Current Technology

Social Credit system and privacy

China has recently implemented a social credit system.

https://en.wikipedia.org/wiki/Social_Credit_System

 

It has had a huge effect, including preventing millions of people from buying airplane tickets.

https://www.cbc.ca/radio/thecurrent/the-current-for-march-7-2019-1.5046443/how-china-s-social-credit-system-blocked-millions-of-people-from-travelling-1.5046445

 

CBC radio show Spark has a fascinating article on this where your social credit can determine your financial loans.

https://www.cbc.ca/radio/spark/episode-327-working-less-social-credit-scores-and-more-1.3762032/need-a-loan-look-no-further-than-your-messaging-app-1.4124694

 

Other countries

An interesting discussion can centre around how easily it would be to implement this type of a system in other countries, given their privacy laws.

United States Supreme Court is adamant about constitutional rights and the recent appointments from President Trump has strengthened that.  The right to privacy through the Fourth Amendment  “unreasonable search and seizure” are guaranteed in the US Constitution.

https://www.whitehouse.gov/about-the-white-house/the-constitution/

 

Freedom of movement has been upheld under the Privileges and Immunities Clause of the United States Constitution which states, “The Citizens of each State shall be entitled to all Privileges and Immunities of Citizens in the several States.” 

 

 In addition, Article 13 of the Universal Declaration of Human Rights asserts that:

  • citizen of a state in which that citizen is present has the liberty to travel, reside in, and/or work in any part of the state where one pleases within the limits of respect for the liberty and rights of others,
  • and that a citizen also has the right to leave any country, including his or her own, and to return to his or her country at any time.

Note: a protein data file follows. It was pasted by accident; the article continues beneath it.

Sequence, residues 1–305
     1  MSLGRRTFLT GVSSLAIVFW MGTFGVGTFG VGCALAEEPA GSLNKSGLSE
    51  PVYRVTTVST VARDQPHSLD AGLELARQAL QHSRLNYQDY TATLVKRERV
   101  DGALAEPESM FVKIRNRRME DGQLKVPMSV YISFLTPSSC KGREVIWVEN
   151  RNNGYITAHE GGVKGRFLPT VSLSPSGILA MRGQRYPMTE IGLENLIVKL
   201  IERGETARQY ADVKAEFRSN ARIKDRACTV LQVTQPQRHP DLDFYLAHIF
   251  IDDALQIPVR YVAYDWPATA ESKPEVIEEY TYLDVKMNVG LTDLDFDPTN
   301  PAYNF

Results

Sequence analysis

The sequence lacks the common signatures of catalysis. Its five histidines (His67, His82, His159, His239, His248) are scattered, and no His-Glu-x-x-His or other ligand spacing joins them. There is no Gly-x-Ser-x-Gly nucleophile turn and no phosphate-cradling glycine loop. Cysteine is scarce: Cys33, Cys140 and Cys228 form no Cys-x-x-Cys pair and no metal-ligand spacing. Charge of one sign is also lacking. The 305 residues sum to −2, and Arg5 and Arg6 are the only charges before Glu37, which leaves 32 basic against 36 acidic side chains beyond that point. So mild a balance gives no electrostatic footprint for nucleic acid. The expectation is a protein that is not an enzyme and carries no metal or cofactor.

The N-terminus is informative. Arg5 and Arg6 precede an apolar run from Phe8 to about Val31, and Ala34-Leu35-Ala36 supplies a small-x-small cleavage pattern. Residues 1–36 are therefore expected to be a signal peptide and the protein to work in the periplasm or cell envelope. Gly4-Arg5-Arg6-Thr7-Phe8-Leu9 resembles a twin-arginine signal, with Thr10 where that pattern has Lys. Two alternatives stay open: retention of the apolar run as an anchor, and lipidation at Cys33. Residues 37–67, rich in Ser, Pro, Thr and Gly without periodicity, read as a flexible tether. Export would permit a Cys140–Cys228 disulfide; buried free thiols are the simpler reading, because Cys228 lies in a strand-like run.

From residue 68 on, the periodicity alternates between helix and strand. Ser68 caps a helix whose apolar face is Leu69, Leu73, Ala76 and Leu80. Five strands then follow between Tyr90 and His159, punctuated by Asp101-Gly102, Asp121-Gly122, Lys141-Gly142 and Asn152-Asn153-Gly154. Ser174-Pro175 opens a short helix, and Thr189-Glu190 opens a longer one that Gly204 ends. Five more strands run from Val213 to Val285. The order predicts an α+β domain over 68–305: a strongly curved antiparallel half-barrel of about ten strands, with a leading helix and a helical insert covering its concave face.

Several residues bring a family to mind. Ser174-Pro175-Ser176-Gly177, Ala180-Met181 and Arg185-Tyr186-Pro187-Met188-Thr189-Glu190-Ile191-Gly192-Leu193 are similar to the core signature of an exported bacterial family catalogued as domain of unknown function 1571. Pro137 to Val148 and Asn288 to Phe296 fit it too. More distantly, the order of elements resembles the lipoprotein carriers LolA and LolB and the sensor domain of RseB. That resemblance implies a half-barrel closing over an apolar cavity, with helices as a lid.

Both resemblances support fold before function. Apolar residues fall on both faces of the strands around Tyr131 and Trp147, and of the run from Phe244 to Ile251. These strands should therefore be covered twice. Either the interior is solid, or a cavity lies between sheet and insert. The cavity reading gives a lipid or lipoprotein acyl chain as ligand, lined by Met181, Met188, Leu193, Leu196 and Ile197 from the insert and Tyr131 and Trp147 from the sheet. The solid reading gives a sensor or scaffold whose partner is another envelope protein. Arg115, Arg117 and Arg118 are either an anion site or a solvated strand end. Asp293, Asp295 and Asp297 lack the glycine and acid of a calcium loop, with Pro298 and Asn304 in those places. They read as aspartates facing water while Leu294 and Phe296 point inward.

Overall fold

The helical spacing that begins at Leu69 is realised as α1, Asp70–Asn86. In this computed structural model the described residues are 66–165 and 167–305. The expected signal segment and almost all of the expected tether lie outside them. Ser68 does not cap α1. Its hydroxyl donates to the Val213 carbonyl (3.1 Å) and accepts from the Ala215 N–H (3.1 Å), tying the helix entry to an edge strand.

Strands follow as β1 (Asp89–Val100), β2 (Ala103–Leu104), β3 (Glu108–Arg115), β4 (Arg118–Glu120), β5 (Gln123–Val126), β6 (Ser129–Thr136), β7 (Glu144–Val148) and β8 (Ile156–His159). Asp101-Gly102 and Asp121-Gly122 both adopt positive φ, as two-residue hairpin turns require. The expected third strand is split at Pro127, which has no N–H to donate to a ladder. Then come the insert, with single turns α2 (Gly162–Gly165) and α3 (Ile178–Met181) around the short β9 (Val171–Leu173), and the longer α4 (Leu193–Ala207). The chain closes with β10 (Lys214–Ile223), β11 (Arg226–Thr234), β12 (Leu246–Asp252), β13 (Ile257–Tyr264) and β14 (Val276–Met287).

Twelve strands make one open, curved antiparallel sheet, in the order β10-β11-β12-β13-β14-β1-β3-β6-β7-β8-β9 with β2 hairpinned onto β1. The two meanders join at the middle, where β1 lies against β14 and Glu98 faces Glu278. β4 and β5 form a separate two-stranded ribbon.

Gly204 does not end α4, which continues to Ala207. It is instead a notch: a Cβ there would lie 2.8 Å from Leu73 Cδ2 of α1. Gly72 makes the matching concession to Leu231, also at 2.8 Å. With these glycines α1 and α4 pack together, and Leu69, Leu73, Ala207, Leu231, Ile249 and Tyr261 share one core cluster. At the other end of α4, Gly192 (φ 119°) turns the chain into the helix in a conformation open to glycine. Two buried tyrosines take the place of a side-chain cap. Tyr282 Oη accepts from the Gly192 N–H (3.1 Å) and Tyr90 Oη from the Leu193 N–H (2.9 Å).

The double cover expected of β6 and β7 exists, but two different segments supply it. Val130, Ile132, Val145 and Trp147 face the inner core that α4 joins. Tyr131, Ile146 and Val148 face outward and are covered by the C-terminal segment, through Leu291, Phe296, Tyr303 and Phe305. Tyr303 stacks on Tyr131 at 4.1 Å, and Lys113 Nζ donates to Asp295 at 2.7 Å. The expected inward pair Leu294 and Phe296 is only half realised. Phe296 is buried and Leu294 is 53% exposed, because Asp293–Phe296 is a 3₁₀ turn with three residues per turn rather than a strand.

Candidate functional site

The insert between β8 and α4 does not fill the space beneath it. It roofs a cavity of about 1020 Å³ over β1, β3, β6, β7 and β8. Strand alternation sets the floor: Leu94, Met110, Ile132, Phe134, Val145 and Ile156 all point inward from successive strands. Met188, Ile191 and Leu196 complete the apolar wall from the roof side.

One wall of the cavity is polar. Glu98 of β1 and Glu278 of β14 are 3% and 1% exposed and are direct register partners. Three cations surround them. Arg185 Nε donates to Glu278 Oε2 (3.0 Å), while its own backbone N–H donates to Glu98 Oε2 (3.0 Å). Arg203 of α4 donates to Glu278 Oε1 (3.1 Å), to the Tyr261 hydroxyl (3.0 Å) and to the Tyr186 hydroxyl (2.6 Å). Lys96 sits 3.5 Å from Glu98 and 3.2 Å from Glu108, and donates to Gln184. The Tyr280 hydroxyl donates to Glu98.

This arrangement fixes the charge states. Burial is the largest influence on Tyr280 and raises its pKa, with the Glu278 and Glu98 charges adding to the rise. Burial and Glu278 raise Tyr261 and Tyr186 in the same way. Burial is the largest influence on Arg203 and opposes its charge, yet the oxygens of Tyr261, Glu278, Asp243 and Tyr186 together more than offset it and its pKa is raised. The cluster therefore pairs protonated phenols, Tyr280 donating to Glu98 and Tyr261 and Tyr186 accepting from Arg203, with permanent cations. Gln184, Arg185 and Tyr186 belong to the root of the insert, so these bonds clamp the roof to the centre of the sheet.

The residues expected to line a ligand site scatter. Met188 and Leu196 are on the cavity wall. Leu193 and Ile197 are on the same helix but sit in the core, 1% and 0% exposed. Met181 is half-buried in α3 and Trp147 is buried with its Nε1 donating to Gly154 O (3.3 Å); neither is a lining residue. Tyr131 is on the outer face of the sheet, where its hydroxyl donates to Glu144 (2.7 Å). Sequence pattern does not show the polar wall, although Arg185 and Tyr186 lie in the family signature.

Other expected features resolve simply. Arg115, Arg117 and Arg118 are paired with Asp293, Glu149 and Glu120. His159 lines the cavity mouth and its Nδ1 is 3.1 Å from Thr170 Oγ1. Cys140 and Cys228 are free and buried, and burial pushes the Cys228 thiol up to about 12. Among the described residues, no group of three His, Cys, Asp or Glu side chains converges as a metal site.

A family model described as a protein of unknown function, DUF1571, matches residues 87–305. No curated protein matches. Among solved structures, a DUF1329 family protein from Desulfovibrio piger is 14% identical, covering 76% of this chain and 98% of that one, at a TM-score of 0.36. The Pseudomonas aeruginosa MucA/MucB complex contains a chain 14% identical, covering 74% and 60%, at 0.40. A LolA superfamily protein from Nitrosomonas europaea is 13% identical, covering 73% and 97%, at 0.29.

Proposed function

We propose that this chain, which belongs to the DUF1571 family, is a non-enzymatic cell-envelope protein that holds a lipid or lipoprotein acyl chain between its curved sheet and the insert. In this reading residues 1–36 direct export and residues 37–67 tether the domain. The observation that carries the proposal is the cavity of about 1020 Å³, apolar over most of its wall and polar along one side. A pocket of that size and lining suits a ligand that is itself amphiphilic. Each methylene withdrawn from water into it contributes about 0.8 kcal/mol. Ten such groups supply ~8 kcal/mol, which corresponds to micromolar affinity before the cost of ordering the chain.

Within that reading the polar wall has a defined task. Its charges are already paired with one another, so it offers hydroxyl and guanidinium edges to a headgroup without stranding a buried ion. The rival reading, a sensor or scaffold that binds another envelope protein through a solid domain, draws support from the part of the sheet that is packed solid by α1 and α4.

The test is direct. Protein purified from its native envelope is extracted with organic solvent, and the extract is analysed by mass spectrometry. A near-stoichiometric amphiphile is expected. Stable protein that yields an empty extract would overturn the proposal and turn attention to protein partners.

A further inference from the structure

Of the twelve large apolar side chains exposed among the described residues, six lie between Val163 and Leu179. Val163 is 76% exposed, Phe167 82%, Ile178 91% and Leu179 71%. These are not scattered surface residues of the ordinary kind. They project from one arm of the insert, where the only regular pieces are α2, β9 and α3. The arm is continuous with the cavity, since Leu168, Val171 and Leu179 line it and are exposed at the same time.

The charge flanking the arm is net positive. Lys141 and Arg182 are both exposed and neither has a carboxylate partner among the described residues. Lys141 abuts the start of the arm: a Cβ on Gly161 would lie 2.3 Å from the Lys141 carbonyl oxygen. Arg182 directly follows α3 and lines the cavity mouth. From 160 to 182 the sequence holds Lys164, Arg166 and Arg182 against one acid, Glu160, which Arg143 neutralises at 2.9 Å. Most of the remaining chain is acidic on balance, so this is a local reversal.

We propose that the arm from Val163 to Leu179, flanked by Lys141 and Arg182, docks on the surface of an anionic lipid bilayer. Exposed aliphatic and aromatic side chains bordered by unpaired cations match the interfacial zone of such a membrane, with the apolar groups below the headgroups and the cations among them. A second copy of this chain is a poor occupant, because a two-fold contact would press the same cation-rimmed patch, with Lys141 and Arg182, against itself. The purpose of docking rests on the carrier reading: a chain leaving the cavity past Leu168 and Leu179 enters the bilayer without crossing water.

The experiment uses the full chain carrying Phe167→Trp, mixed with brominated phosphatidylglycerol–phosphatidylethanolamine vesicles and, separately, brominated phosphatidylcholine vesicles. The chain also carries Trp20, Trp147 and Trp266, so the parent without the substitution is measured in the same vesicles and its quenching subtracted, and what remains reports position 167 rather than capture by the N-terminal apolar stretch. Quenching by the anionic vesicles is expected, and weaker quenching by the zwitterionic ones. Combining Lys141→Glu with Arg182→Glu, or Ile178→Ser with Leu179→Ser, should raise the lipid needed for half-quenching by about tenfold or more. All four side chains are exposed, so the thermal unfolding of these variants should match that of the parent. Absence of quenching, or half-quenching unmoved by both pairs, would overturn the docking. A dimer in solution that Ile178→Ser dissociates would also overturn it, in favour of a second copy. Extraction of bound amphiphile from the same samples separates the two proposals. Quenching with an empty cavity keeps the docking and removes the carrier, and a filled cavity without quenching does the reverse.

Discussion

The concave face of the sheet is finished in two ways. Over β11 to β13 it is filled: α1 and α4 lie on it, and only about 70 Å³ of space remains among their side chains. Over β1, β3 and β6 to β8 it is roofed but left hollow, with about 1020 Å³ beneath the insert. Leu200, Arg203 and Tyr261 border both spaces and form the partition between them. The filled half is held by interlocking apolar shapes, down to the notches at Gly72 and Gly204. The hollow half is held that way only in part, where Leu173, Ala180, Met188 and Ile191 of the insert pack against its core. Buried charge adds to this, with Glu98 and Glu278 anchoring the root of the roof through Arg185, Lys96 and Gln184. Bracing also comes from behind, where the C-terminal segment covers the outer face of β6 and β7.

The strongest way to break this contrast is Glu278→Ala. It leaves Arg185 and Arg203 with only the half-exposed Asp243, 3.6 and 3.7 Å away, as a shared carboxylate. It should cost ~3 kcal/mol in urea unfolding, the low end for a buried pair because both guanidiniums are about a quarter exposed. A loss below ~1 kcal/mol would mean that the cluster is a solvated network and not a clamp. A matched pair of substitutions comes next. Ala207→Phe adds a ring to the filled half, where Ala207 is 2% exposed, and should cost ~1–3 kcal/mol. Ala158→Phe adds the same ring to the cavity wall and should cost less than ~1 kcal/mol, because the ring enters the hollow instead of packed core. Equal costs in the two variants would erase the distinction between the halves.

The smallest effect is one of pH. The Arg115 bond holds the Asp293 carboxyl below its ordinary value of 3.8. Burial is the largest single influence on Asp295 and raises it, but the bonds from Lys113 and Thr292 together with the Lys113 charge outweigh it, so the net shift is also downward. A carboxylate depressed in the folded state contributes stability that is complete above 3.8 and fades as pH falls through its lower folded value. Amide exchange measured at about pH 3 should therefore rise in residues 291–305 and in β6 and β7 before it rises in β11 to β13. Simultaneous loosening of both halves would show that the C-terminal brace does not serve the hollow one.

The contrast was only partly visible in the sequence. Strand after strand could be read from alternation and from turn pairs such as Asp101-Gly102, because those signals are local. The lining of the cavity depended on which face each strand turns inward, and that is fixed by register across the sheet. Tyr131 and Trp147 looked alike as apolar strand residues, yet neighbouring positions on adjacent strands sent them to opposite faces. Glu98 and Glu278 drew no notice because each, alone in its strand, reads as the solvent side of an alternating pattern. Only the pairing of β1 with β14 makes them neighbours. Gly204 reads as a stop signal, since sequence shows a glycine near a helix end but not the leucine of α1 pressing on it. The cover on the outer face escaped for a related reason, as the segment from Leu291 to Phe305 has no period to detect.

South Korea

In the South Korean constitution there are many clauses that would make it difficult for a social credit system to be implemented there.

The Right to Privacy is constructed as a fundamental right that is protected by the Constitution. 

https://www.privacy.go.kr/eng/laws_policies_list.do

The Right to Privacy is constructed as a fundamental right that is protected by the Constitution. “It prevents the state from looking into the private life of citizens, and provides for the protection from the state’s intervention or prohibition of free conduct of private living. Personal data protection laws of Korea are consisted of Personal Information Protection Act as a general law and several specific sector laws, including Act on Promotion of Information and Communications Network Utilization and Information Protection, ETC and Use and Protection of Credit Information Act.”

 

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Engineering and Technology in Society - Canada Copyright © by Jennifer Kirkey. All Rights Reserved.

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